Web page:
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McDonald’s kiosk hints at how tech will change fast food forever

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McDonald's The trend towards automation on the customer side of the fast food industry appears to be hitting an inflection point. This morning, McDonald’s Canada grabbed headlines when it said it would offer table service at some restaurants, a move that seems to imply a return to a folksy, rural experience.

But the reality is that the modern fast food dining experience will look more like Tokyo than Tillsonburg. Enter the McDonald’s kiosk.

“We’re basically blowing up the front counter,” said McDonald’s Canada CEO John Betts, who unveiled plans that will see the world’s largest fast food chain introduce self serve kiosks at its restaurants. The fast food kiosk is intended to speed the entire order process and will allow customers to customize their meal, a move McDonald’s no doubt hopes will increase its average order price.

One McDonald’s owner in Edmonton recently said that the kiosks would require an extra 10 to fifteen staff for each restaurant. McDonald’s says the moves will create 15,000 new jobs across the country.

The trend towards automation has not necessarily proved to be one of job creation. A study from University of Oxford estimated that there is a 92% chance that fast-food service and preparation would soon be automated and predicted that about 47% of total U.S. employment would be at risk. One expert, however, thinks the expansion or reduction of actual humans working in fast food will be a non-story. Darren Tristano, who studies the food industry for research firm Technomic, predicts a 10% drop in labour at worst.

In July, Domino’s Pizza, which has more than five thousand stores across the United States credited a move towards digital ordering for a strong strong second quarter earnings, noting that more than half of its orders now come through its web site, text messages, or even tweets.

“If you look at the thousands of years that consumers have been served alcohol and food by people, it’s hard to imagine that things will change that quickly,” said Tristano.

While the number of jobs lost or gained through automation is uncertain, what workers will be doing in restaurants will shift and how customers interact with them will soon change forever, if it hasn’t already.

In 2013, fast food chains Chili’s and Applebees installed hundreds of thousands of tableside tablets that allows customers to order and pay their bill without ever talking to a waiter. Those firms were soon followed by Buffalo Wild Wings, Panera Bread, Olive Garden and dozens others. Darden Restaurants, which owns popular chains such as Olive Garden, Red Lobster, LongHorn Steakhouse and Bahama Breeze Grille, recently said it would introduce tablets at all its U.S. restaurants by the end of this year.

For decades in Japan, establishments have customers order at a vending machine or kiosk before sitting down to eat. Today in North America, the digital equivalent is driving sales for some firms. In July, Domino’s Pizza, which has more than five thousand stores across the United States, credited a move towards digital ordering for a strong strong second quarter earnings, noting that more than half of its orders now come through its web site, text messages, or even tweets.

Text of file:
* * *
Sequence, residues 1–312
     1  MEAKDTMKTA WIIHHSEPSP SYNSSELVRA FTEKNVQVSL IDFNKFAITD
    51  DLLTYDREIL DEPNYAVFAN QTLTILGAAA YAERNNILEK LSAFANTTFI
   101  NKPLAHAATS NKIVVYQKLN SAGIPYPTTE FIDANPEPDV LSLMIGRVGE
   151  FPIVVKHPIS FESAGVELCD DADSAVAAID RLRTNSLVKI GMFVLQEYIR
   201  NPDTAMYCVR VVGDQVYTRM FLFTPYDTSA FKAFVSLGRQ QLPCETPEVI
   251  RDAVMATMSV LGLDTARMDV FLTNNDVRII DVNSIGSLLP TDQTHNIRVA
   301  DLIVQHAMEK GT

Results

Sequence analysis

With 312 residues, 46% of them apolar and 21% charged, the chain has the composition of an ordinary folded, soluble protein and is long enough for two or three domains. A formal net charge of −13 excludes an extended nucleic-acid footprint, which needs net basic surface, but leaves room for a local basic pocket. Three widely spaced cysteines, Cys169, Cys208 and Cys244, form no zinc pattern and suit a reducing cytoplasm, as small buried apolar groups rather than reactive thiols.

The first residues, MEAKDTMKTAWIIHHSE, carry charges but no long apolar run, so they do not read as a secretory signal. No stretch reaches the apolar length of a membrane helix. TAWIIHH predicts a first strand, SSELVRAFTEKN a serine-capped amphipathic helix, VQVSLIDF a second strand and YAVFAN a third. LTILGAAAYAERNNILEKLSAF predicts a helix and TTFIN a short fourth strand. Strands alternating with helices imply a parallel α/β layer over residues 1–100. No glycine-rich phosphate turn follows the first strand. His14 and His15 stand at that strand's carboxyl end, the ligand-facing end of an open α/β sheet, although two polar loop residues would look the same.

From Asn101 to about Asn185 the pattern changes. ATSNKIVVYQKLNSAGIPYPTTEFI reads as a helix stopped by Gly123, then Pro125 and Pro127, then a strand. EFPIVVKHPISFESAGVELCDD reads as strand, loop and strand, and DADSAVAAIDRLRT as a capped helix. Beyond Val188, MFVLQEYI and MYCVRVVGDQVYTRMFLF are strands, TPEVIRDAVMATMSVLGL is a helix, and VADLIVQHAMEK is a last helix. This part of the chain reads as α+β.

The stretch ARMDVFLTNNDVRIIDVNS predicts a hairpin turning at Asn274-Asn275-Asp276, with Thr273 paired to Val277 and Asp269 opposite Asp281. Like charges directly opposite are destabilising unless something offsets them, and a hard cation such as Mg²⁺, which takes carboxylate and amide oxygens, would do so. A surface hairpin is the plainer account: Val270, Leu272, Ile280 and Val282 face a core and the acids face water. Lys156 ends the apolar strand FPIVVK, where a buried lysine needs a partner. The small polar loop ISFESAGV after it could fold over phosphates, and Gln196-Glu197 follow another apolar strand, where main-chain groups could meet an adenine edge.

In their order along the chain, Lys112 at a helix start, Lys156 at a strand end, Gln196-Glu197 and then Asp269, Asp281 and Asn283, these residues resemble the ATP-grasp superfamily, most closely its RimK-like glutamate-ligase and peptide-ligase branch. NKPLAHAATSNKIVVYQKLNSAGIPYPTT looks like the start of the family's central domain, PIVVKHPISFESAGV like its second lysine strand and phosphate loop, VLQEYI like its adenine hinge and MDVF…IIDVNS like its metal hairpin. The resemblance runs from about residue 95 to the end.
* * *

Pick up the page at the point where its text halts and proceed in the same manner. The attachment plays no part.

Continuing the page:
We’ve seen a shift in thinking of retailers. They want to let customers pay the way they want, anytime, anywhere. This is good for the experience for customers and good for the revenue for retailers. Apple started this shift and we see other companies following suit.

One expert says the idea of bellying up to a centrally located counter will soon seem as antiquated as renting a movie from BlockBuster.

“I fully believe that it will seem crazy, even just two or three years from now, that we used to wait in long lines until we got our turn, and then told [a cashier] what we wanted, and had them punch it into a machine for us,” said Noah Glass, who is the founder and CEO of Olo, which makes mobile ordering technology for firms such as Chipotle, Cold Stone Creamery and Five Guys.

Michael Gokturk, who is the founder of Vancouver-based mobile payments processing firm Payfirma, says there is a sea-change going on the in the retail space in general that was first experienced by many in Apple Stores, which abandoned a dedicated checkout counter and instead armed each employee with an EasyPay system.

“We’ve seen a shift in thinking of retailers,” he says. “They want to let customers pay the way they want, anytime, anywhere. This is good for the experience for customers and good for the revenue for retailers. Apple started this shift and we see other companies following suit.”

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About The Author /

Nick Waddell
Cantech Letter founder and editor Nick Waddell has lived in five Canadian provinces and is proud of his country's often overlooked contributions to the world of science and technology. Waddell takes a regular shift on the Canadian media circuit, making appearances on CTV, CBC and BNN, and contributing to publications such as Canadian Business and Business Insider.

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  1. Using such board and eating my burger and fries, can I catch someone else disease? Or those from the last 25 users?

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